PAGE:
• The Harper Government’s latest tax cuts and benefits represent close to $27 billion back in the pockets of families over this year and the next five years.
  • Every Canadian family with children under the age of 18 will have more money in their pockets because of these tax cuts and benefits.
  • The overall federal tax burden is at its lowest level in over 50 years.
  • Over 1.2 million more Canadians are working now than in July 2009, when the recovery began, representing an increase of 7.3 per cent and one of the strongest job creation performances in the Group of Seven (G-7).
  • The Harper Government remains committed to helping businesses thrive and create well-paid jobs for Canadians. The new Small Business Job Credit will make hiring new workers or investing in additional training easier for entrepreneurs and help them grow their business.
  • The federal debt-to-GDP (gross domestic product) ratio is expected to fall to below its pre-recession level by 2017, helping to ensure that Canada’s total government net debt continues to decline and remains the lowest of any G-7 country. The Government is well on its way to meeting its commitment to reduce the federal debt to 25 per cent of GDP by 2021.
  • In addition to growing the size of the economy, the Government will reduce the size of the federal debt with unused annual contingency funds.

“Canada has come a long way. However, the global economy remains fragile. Our Government, under the leadership of Prime Minister Stephen Harper, has a plan to meet these challenges—a plan that is working—and we need to stay the course. Our Government is taking steps to put more money back into the pockets of Canadian families. We will continue to take the action necessary to secure prosperity for this generation and the next. Our Government’s top priority remains our commitment to Canadians to create jobs and opportunities for all Canadians, from coast to coast to coast.”

- Joe Oliver, Minister of Finance

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Update on Operation IMPACT - CAF actions against ISIL Print E-mail Share to FacebookTweet This!
Nov 05, 2014 at 11:46 AM

Update on Operation IMPACT, the Canadian Armed Forces contribution to the coalition against the ISIL.

Since September, the coalition has conducted hundreds of airstrikes to degrade and defeat ISIL.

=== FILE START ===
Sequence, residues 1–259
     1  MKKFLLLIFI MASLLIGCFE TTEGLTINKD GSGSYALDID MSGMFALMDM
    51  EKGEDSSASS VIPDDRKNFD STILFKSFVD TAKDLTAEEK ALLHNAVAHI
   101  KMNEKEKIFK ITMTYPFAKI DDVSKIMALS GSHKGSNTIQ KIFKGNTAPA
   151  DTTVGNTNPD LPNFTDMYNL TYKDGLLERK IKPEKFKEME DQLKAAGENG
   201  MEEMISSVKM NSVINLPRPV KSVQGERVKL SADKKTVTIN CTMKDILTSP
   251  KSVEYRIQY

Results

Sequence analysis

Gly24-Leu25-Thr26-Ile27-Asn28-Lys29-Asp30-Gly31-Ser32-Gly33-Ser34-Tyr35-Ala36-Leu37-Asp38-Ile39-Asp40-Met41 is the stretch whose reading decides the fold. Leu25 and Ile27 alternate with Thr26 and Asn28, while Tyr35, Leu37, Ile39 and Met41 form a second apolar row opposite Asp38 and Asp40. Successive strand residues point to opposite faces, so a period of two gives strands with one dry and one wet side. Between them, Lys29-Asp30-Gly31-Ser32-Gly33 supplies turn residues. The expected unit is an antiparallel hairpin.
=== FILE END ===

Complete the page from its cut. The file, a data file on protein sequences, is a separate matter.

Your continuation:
As of October 28th, all of our air assets arrived in theatre: six CF-188 Hornet fighters, one CC-150 Polaris tanker and two CP-140 Aurora surveillance aircraft and about 600 personnel supporting air operations.

On October 30th, all of our aircraft commenced air operations over Iraqi airspace.

On November 2nd, CF-188 Hornets conducted Canada’s first combat airstrike on ISIL targets. The four enemy targets were located near a dam, west of Fallujah and consisted of heavy engineering vehicles such as bulldozers and a dump truck.

These vehicles have been used to build ISIL’s defensive positions, and to rebuild the dam. The dam has been used to cause extensive flooding in the Anbar province and as a way to apply pressure on Iraqi authorities.

Our forces worked with the Combined Air and Space Operations Centre and coalition targeting assets during the approximate four-hour flight. 500-pound laser-guided bombs destroyed and damaged the vehicles identified and removed them from further employment.

As the coalition has said from the beginning, air strikes alone will not defeat ISIL. We are supporting the Iraqi security forces in collaboration with our coalition partners, through airstrikes and training, as they lead the fight in Iraq. Canada is resolved to help bring peace and stability to the region.

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Last Updated ( Nov 05, 2014 at 11:48 AM )
North American Free Trade Agreement (NAFTA) - 20 Years Print E-mail Share to FacebookTweet This!
Nov 03, 2014 at 11:36 AM

NAFTA @ 20


  • The North American Free Trade Agreement (NAFTA), signed by Prime Minister Brian Mulroney, Mexican President Carlos Salinas, and U.S. President George H.W. Bush, came into effect on January 1, 1994.